The Beluga whale that could talk
Source: Charles Choi, LiveScience.com
Scientists have found a white whale capable of imitating human speech.
These findings, the first to show that whales can mimic the voices of humans, suggest that researchers might want to analyze other whales for similar abilities.
Beluga whales, also known as white whales, are known as "the canaries of the sea" because of how vocal they are. They are not the same kind of whale as the monstrous giant of the story "Moby Dick," which was a white sperm whale -- belugas are actually among the smallest species of whales.
In 1984, scientists at the National Marine Mammal Foundation in San Diego began noticing unusual noises emanating from where they kept the whales and dolphins. These resembled two people conversing in the distance, just beyond the range of the understanding of listeners.
Researchers traced these sounds back to one male white whale, Noc, when a diver surfaced from the whale enclosure to ask his colleagues an odd question: "Who told me to get out?" The investigators concluded sounds resembling "out" came from Noc. [Listen to Noc Speak Human]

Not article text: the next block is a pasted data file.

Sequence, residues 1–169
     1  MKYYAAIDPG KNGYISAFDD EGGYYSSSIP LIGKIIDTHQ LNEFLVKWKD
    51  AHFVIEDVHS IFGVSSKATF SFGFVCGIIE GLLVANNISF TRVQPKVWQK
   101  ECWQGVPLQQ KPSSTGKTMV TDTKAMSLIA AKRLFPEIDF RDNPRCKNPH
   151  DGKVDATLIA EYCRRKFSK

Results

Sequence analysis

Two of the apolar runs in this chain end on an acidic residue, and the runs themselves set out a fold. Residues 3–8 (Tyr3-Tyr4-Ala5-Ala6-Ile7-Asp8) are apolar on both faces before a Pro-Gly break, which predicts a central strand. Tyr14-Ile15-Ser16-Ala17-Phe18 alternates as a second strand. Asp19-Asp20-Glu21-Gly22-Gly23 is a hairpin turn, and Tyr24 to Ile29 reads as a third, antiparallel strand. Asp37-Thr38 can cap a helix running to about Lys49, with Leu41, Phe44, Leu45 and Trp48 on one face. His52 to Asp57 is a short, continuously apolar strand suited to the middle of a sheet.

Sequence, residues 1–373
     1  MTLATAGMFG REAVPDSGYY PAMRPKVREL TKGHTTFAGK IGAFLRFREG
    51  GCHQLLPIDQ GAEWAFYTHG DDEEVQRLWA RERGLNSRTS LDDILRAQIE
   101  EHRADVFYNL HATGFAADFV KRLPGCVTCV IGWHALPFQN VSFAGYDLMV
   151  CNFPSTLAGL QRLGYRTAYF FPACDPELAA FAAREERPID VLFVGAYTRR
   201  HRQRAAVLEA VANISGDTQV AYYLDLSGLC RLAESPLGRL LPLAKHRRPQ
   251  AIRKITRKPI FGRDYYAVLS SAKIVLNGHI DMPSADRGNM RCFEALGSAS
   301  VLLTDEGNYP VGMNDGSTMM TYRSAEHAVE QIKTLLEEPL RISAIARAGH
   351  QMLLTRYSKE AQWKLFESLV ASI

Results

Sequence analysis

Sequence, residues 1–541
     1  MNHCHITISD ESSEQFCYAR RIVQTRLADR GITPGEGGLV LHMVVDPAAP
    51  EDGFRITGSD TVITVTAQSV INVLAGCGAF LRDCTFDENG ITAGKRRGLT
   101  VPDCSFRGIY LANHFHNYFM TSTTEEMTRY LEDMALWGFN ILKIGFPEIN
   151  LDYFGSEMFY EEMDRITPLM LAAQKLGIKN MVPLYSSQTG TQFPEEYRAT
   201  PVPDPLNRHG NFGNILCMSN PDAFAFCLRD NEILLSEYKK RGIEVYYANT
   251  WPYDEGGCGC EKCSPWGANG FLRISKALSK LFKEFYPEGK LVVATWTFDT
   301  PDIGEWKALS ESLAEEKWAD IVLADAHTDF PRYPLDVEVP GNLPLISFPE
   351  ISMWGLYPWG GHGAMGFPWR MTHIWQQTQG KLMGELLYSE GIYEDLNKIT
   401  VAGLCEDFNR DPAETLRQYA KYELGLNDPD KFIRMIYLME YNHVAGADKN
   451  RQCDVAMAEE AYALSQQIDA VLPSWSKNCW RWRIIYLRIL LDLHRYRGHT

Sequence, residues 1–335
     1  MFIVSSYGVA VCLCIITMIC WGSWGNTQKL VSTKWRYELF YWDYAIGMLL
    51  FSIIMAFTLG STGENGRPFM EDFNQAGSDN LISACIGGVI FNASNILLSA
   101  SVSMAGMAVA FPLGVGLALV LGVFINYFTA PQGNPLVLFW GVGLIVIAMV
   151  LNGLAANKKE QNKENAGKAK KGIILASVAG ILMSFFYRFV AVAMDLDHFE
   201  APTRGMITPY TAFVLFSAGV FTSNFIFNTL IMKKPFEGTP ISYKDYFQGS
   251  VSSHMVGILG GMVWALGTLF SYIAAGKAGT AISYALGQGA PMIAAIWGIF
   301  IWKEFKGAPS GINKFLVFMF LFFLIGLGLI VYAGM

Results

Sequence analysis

There were plenty of opportunities for Noc to hear human speech. He had previously overheard people talking at the surface, and had also heard them using devices that allowed them to speak with divers underwater.
Anecdotal reports have surfaced in the past of whales sounding like humans. For instance, at Vancouver Aquarium, keepers suggested that a white whale about 15 years of age had uttered his name, "Lagosi."
In a more rigorous test to see if Noc could mimic humans, scientists rewarded him with snacks when he made those sounds, prompting him to do so enough times for them to capture recordings.
Analysis of Noc's sounds revealed a rhythm similar to human speech. They also displayed fundamental frequencies several octaves lower than typical whale sounds and far closer to that of the human voice.
"We were amazed -- the voiceprint really reminded us of humanlike sounds and unlike normal whale sounds," researcher Sam Ridgway, neurobiologist, research veterinarian and president of the National Marine Mammal Foundation, told LiveScience. "We never heard anything like this before."
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